She attended Amherst Academy and a year at Mount Holyoke Female Seminary.

While at the seminary, Dickinson famously refused to participate in the show of evangelical conversion sweeping through her community at the time. Much of her poetry, however, meditates on heaven and the inner life, often contrasting the private moment against public religious convention. She was clearly a critic of the common practice of religion, leading many to casually label her as an atheist, yet there is no denying that she experienced a rich inner life that she understood in religious terms. While unconventional by the religious standards of her day, the argument can be made that she was a deep mystic. If one reads her poetry side-by-side with the poet-saints of India, for example, the parallels in metaphoric language and insight become obvious.

Following her return from Mount Holyoke, Emily Dickinson almost never left Amherst again, rarely even leaving the grounds of her family home. Later in life she took to dressing entirely in white.

Much is made of Dickinson’s reclusive life, the fact that she never married, and the focus on death in much of her poetry, leading to descriptions of her as a morbid, sexually repressed recluse. One can see her in this way; or, recognizing the depth of her mysticism, we can suggest that she cultivated a self-defined monastic life of contemplation and poetry.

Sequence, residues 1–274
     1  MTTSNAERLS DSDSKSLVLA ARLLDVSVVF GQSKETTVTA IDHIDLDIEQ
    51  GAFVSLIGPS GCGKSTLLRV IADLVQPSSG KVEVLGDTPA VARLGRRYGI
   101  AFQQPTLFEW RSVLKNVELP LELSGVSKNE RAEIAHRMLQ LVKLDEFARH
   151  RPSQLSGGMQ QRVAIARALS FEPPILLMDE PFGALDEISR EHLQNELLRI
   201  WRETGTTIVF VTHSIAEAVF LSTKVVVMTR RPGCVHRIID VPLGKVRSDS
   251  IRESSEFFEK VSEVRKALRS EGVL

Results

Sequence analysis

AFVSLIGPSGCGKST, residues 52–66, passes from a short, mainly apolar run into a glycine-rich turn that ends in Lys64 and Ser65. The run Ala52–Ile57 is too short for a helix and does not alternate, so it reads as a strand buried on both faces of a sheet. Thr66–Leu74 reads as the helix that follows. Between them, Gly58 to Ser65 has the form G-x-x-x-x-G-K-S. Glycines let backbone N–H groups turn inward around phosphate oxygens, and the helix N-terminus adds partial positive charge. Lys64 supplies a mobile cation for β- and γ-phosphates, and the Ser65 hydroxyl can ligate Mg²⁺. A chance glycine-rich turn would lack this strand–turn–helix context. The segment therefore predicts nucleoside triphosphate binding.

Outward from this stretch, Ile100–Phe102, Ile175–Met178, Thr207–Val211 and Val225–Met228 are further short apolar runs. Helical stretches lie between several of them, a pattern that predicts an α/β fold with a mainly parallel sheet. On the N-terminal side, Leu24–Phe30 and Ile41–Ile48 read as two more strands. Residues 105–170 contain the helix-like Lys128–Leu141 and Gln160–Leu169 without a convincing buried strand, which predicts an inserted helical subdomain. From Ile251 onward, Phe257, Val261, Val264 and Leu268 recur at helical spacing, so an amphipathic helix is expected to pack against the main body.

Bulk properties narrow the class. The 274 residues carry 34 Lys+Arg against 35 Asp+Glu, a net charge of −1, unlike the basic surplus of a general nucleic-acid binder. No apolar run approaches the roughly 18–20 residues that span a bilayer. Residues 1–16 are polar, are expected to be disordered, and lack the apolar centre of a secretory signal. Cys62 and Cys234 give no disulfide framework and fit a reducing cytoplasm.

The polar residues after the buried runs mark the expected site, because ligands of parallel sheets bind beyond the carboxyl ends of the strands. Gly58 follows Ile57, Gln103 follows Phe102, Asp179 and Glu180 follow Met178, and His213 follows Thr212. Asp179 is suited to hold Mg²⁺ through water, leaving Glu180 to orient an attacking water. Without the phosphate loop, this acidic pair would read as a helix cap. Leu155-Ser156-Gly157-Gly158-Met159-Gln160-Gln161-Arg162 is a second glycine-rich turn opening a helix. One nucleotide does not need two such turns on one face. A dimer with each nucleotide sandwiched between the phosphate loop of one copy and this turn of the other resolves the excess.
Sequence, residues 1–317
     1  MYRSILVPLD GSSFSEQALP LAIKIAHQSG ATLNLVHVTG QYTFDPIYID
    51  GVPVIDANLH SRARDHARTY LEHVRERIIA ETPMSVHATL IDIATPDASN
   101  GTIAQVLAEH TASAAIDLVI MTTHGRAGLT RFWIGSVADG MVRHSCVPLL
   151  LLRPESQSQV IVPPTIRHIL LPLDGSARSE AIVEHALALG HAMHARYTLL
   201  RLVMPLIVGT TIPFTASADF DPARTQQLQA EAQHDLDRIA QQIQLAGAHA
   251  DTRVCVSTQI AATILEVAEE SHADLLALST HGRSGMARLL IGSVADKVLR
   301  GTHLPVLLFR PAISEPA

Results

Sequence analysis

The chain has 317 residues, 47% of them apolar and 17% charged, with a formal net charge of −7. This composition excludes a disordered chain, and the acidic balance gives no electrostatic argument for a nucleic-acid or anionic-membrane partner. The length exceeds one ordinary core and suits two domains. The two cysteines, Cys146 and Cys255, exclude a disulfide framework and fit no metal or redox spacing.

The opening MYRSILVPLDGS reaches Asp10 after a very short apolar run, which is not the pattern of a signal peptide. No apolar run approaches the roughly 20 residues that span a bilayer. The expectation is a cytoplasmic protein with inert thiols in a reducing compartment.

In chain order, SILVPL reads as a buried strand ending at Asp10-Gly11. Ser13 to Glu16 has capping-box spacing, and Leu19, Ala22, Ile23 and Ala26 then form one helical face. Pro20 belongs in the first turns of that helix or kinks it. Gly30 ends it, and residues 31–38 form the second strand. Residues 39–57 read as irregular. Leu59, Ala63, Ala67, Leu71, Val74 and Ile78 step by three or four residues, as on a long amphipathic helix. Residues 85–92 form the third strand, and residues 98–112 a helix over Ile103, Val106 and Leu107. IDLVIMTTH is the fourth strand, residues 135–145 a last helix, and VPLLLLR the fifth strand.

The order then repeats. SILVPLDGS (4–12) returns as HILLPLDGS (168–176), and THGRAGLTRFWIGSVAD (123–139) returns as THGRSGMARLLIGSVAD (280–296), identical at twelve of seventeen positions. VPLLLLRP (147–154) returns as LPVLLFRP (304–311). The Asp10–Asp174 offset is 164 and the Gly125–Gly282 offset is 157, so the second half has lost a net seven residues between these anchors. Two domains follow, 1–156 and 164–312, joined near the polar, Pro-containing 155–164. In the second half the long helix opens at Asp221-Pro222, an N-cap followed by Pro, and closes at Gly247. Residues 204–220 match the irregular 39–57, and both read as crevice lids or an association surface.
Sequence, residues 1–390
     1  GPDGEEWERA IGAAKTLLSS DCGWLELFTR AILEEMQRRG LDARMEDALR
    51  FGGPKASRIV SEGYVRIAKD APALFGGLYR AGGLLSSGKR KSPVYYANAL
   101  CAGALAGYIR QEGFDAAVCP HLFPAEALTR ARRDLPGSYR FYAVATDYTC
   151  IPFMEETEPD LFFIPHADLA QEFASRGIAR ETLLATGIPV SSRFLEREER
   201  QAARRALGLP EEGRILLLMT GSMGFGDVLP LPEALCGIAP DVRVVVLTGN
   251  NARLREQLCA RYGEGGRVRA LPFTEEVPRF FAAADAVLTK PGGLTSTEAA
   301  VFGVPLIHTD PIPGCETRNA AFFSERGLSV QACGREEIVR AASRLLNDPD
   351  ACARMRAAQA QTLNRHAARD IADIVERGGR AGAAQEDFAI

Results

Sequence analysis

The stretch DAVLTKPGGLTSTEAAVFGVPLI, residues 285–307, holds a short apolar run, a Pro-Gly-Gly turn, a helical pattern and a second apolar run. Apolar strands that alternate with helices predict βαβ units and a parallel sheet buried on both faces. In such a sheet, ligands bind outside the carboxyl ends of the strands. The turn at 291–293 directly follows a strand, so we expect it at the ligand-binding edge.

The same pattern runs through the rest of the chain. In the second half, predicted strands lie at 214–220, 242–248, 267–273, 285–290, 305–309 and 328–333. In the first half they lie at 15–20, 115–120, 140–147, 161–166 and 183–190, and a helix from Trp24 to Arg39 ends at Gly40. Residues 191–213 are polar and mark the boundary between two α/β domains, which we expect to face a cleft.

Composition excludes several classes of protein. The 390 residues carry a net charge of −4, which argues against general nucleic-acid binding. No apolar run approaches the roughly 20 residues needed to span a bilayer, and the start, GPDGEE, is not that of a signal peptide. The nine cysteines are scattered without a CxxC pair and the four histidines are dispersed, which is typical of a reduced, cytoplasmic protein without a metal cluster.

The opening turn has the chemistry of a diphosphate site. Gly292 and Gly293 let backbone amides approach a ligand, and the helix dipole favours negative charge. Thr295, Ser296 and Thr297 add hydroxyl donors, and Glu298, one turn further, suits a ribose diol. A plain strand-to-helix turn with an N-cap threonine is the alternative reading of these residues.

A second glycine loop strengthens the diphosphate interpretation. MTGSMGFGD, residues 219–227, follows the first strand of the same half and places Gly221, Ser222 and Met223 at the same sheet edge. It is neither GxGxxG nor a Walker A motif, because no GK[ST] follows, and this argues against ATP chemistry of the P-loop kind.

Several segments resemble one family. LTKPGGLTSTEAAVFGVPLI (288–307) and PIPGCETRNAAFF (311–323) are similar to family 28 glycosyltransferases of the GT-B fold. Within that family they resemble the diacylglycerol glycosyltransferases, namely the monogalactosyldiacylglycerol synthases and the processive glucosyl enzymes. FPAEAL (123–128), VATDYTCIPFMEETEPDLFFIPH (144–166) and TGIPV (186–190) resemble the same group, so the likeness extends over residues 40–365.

More poetry by Emily Dickinson

4 responses so far

4 Responses to “Emily Dickinson – Always Mine!”

  1. Amardeep Singhon 09 Aug 2017 at 9:10 am

    Yes, I agree with your insight about her mysticism, Ivan.

    Brilliant poem and commentary. Thank you so much.

    I always felt so bad for her, she seemed to have been a very lonely person. But maybe she knew something I don’t.

    Regards,
    Amardeep

  2. jim con 09 Aug 2017 at 12:17 pm

    nothing new will come into my life
    till I am grateful for what I have 🙂

  3. Joan Breiton 09 Aug 2017 at 1:24 pm

    Emily has always be a favorite of mine, from college days to now in my 81st year living on this beautiful radiant green earth we call Mother. I just returned from The Botanica in Wichita, Ks., where the speaker spoke of the healing aspect of Nature and our need to return to the many gifts Mother Earth has to offer. She is alive and pulsing with life as we are. Emily speaks to this in her ALWAYS MINE title. Each cyclical day and season is a vacation wherever we are, always old and always new and changing. Purple speaks of the royalty of the creative kingdom, our home with each day offering a new beginning. As a mystic writer, she emanates her love of solitude and the creative gifts she shares behind the scene, so to speak, until her death when all is published, a gift to all poets and writers. YEA!

  4. Nancy B.on 09 Aug 2017 at 2:26 pm

    Wonderful thought for the day. I need to slow down, to notice, to be aware, to turn around and go back, if necessary, or not. I may not get that chance again.

    Thank you, Ivan.